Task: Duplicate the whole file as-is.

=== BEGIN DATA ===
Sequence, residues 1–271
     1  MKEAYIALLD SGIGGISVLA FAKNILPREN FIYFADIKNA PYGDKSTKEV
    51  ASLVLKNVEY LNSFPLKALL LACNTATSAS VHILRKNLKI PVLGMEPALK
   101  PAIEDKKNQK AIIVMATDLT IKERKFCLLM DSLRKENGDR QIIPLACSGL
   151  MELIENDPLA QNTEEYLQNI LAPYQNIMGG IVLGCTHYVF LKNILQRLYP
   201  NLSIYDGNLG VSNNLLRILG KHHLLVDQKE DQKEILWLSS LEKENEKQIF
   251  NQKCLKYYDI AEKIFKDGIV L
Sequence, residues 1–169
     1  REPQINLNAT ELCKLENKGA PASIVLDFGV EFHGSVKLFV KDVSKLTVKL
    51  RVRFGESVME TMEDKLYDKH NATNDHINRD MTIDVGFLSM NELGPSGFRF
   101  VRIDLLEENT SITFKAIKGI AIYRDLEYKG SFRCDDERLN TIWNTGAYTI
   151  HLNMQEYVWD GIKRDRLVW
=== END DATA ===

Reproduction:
Sequence, residues 1–271
     1  MKEAYIALLD SGIGGISVLA FAKNILPREN FIYFADIKNA PYGDKSTKEV
    51  ASLVLKNVEY LNSFPLKALL LACNTATSAS VHILRKNLKI PVLGMEPALK
   101  PAIEDKKNQK AIIVMATDLT IKERKFCLLM DSLRKENGDR QIIPLACSGL
   151  MELIENDPLA QNTEEYLQNI LAPYQNIMGG IVLGCTHYVF LKNILQRLYP
   201  NLSIYDGNLG VSNNLLRILG KHHLLVDQKE DQKEILWLSS LEKENEKQIF
   251  NQKCLKYYDI AEKIFKDGIV L
Sequence, residues 1–169
     1  REPQINLNAT ELCKLENKGA PASIVLDFGV EFHGSVKLFV KDVSKLTVKL
    51  RVRFGESVME TMEDKLYDKH NATNDHINRD MTIDVGFLSM NELGPSGFRF
   101  VRIDLLEENT SITFKAIKGI AIYRDLEYKG SFRCDDERLN TIWNTGAYTI
   151  HLNMQEYVWD GIKRDRLVW